As the river rises, it changes, too

Since Riverside opened in 1991, everything from the stuents to the teachers to the building itself has experienced many different changes.

One of the most visible changes is that the student body has become more racially and ethnically diverse. The white student population has been steadily decreasing. According to the North Carolina Department of Public Instruction (NCDPI), in 2007 Riverside’s student population was 39 percent white, but in 2019 the student population is only 24 percent white. 

Also, in 2007 the Latino population made up 12 percent of Riverside, but now it makes up 33 percent. The African American student population was 46 percent in 2007 and is 37 percent currently.

“We’re certainly more diverse than we used to be,” said veteran teacher Jeffery Harris, who’s been at Riverside since the school opened in 1991. 

“The demographics have definitely changed,” said science teacher Mika Twietmeyer, who joined RHS in 2007, “it reflects how Durham has changed.” 

Riverside’s socioeconomics – students and families’ income, occupations and education levels –  has changed as well.  

“There are more students living in poverty then there were when I started teaching at Riverside,” said Twietmeyer.

Charter schools have also changed Riverside’s student body. 

“We didn’t use to have these charter schools that were pulling kids away from being in their high school,” said English teacher Mary Foster. Public schools that are not part of DPS, such as Voyager Academy and Research Triangle High School, opened in Durham in the early 2000’s.

In North Carolina, 50 percent of traditional public school students come from low-income families, while charter schools only have about 33 percent. Low-income families are families that earn less than double the federal poverty line. Charter schools differ from public schools because many receive private funding in addition to public dollars.

Other teachers believe the availability of technology in recent years is one of greatest improvements at Riverside. When the school first opened, educational technology was much more limited than it is today.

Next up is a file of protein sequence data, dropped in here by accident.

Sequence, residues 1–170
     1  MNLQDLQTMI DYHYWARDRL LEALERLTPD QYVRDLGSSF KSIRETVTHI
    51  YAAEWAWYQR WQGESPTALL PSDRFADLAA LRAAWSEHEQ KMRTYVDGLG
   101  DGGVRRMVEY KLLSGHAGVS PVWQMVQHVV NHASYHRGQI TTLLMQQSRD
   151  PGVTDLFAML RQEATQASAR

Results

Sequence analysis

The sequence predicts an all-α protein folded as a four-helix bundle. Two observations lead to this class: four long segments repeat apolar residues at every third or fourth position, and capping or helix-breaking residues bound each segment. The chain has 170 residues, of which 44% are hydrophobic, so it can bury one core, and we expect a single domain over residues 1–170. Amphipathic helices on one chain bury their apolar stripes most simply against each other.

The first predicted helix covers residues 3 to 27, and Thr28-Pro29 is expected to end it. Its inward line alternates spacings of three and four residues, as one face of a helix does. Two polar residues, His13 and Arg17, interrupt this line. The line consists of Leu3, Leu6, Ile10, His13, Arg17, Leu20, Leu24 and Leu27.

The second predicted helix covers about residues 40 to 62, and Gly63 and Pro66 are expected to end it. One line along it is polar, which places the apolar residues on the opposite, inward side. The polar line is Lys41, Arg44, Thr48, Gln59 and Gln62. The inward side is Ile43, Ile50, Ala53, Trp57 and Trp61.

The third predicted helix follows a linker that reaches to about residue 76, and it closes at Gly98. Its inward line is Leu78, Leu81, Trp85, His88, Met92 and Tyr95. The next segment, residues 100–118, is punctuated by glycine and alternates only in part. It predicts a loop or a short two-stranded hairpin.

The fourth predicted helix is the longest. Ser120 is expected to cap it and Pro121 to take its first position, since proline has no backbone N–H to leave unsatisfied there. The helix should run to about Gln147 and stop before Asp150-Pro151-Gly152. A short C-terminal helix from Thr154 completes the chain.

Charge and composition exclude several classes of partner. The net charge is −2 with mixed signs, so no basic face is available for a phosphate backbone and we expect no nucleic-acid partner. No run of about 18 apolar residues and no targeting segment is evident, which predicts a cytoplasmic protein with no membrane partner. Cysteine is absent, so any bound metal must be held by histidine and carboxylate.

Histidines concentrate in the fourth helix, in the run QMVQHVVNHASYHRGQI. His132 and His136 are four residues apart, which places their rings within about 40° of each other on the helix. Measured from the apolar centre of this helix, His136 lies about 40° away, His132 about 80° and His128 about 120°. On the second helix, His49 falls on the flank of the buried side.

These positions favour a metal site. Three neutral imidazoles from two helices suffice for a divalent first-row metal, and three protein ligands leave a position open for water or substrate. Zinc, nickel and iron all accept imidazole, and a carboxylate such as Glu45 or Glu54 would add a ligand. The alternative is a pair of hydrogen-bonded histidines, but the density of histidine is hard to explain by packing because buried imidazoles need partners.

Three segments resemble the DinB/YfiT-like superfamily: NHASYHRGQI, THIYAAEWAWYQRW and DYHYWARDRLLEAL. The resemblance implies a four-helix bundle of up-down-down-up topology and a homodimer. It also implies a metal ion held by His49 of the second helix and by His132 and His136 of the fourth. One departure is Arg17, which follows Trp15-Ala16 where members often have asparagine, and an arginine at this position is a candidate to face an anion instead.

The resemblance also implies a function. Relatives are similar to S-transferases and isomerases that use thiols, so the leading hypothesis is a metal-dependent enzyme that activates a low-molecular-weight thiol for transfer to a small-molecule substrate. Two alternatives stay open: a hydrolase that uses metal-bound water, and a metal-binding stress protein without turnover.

For instance, Smart Boards and digital projectors weren’t fully integrated in the classrooms yet, and a large percentage of students didn’t have computer or internet at home. Now, 90 percent of students nationwide have access to mobile technology, according to  http://www.mastersofartinteaching.net. 

“It’s made a lot of things easier,” said Spanish teacher Anuja Munshi, who’s taught at Riverside since 2000. “You can actually do so much more since you have it right at your fingertips.” 

However, along with the advancement of technology came cell phones. 

“When I first started teaching, an overhead machine was considered technology,” said social studies teacher David Norman, who has been here since 1994. “Now I have a fully integrated Google classroom.” 

“It was really different back then in terms of kids now with their cell phones,” said Munshi. “Obviously the kids still have friends and interact socially now, but it was a little bit different then because there was none of that and I think that was a more community feel to the school. The trends of the social networking have really changed the school a lot.”

When Munshi first came to Riverside, she remembered the school as lively, different, and [it had] a lot more of a community feeling. 

“[It’s] still a lively place,” she said. “I don’t feel like it’s as close-knit, though, as it used to be, probably because kids are involved in so many different things and are from all over Durham. Back when I started, students were living more locally.” 

More students live out of district now due to the growth of the engineering program, which accepts students from all over Durham. There were only 100 students taking engineering classes in 2007, compared to 480 students in 2019.

The attendance policy is another noticeable change since Riverside opened in 1991.  

“When I first started, if you had 10 or more unexcused absences you automatically failed that course unless you went to an appeal process,” said Twietmeyer. “Now there are unlimited absences.”

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